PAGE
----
Mexican Beer

By Gayne C. Young

The Spanish.

They brought a little bit of everything to the New World.

Rampant disease, ethnic cleansing, slavery … but at least they brought beer!

Yes, it was the Spanish who first brought beer to the New World, and North America—hell, dare I say the world—is the better for it. And because the land the Spanish set foot on first was more or less Mexico, that country not only has the longest history of beer making but has some of the best beers in the world. 

The Spanish truly began brewing beer in Mexico in the mid-16th century. It got a kick in taste and style when German immigrants brought additional brewing expertise in the latter part of the 19th century. By the turn of the 20th century, beer became a huge industry in Mexico, thanks to taste, quality, and Prohibition north of the Rio Grande making the country’s beer supremely popular. Today, beer is an even bigger industry in Mexico with over 90 percent of the market being controlled by Cerveceria Cuauhtemoc-Moctezuma and Grupo Modelo.

As a Texan, I grew up with Mexican beer. First because I could buy it on the other side of the border long before I could legally buy beer in the States, and secondly for the taste. Here’s a look at some of the beers I believe are the best of Mexico.

Dos Equis Special Lager

You always remember your first.

I was hanging out at The Lion’s Den Bar & Restaurant in Nuevo Laredo, Mexico during a weekend away. My buddies and I were in high school and knew Jack Nada about sophistication or beverages. A waiter took pity on me and told me to quit drinking that crap Corona and start drinking real beer. I agreed to try what he suggested, and he poured me a Dos Equis Lager Especial.

And my life has been better for it.

Dos Equis is a golden pilsner-style beer that features a well-balanced composition and a smooth, clean finish. It is what beer is supposed to taste like. And is my favorite on the list.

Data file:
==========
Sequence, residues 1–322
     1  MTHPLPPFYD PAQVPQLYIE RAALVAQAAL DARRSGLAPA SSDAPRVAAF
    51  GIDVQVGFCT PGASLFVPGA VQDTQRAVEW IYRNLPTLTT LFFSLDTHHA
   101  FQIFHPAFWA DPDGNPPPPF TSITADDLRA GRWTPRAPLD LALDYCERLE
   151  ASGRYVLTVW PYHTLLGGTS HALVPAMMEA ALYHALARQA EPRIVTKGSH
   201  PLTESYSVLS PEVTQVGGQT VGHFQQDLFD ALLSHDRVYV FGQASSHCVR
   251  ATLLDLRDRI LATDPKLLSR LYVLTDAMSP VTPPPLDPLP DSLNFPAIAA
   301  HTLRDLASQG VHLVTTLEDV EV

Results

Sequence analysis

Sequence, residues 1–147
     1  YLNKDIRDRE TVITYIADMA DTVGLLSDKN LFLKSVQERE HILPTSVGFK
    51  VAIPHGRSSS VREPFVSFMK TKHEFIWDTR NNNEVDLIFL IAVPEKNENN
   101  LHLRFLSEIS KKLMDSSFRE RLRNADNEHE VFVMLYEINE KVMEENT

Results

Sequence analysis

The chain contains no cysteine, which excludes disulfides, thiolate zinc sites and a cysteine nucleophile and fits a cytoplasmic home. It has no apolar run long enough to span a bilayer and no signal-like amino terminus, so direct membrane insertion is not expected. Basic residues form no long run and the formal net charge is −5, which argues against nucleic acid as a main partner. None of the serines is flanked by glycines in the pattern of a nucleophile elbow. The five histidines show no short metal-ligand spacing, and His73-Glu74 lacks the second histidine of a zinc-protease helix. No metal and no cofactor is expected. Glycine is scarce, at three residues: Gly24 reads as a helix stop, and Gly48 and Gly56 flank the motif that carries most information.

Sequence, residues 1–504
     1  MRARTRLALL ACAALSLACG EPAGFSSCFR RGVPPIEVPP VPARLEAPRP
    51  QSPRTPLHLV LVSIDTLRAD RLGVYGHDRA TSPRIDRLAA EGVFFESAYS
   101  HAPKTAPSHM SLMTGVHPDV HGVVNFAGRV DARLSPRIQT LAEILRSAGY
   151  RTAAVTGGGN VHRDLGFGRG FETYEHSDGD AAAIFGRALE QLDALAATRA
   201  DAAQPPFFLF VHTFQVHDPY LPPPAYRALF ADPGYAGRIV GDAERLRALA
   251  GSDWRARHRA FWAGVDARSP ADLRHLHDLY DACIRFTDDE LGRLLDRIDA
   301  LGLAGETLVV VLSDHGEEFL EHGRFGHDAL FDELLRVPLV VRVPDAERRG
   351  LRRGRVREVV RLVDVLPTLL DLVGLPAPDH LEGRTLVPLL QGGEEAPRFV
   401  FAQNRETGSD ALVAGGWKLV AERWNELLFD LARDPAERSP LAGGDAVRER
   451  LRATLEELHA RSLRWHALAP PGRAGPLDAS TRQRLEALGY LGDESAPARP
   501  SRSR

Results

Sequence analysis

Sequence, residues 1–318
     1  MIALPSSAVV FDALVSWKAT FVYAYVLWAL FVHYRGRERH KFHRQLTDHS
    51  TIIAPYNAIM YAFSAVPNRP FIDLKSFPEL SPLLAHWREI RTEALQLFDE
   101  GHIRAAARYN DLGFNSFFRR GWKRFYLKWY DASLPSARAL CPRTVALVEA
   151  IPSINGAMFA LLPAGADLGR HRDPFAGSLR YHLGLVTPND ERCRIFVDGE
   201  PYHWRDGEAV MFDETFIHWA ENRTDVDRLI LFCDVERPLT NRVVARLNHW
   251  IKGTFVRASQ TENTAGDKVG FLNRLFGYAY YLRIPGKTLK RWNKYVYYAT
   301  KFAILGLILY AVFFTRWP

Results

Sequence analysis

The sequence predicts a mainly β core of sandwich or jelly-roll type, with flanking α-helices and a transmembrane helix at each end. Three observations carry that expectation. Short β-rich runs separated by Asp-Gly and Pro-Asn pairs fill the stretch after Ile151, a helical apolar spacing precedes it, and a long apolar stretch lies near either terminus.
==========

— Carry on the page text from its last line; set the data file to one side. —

My second favorite Mexican pour is Sol. It has a deeper, richer taste than Dos Equis but is still light (or lite) enough to go down easy and smooth. It’s gold in color—like the Sun it’s named after—and is rich without being too heavy. 

I first drank Sol down in Matamoros, Mexico while on a shopping trip with a now ex-girlfriend. She was Mexican-American and said Sol was her dad’s favorite beer. 

She’s not around anymore. 

My love for Sol still is.

Estrella Jalisco

I didn’t discover my third favorite Mexican beer while in Mexico, while with buddies in a dangerous border town or in the company of a beautiful woman. Nope. I discovered it at the supermarket when some tubby female representative from the company was there to give out free samples. I took the small paper cup sample of suds, downed it, then asked for another. It was that good. And I was that greedy. The lady behind the stand-up display didn’t give me another taste but gave me a coupon instead. I bought a sixer and we’ve been in love ever since.

The beer and I, that is.

Estrella Jalisco is a beautiful golden yellow in color and offers a refreshingly light, yet crisp flavor with little to no aftertaste. It’s a great beer and number three on my list of favorites.


Pour one out for the original.

This Vienna-style lager has been proudly brewed in Old Mexico since 1865. I didn’t try it until maybe 20 years ago while at a Tex-Mex joint in Ft. Worth. I don’t remember who put me onto Victoria but I still get all tingly in my loins like it’s the first sip.

Victoria is smooth and a tad fruity with hints of apple and star fruit, and it’s a hell of a lot better than Coors Light.

Things to Know

  • Want a lime? Stick with the smaller Mexican limes as they taste far better than the big nasty flavorless US engineered limes.
  • My opinion on salt? It goes on popcorn. Not in beer. 
  • Mixing beers? I’m good with a chelada which is beer and lime juice but can’t stand a michelada which is beer and clam and tomato juice. Beer abuse is what that is!
  • A large 32-ounce bottle of Mexican beer is called a caguama (sea turtle) or ballena (whale) depending on where you are. 

From the FE Films Archive

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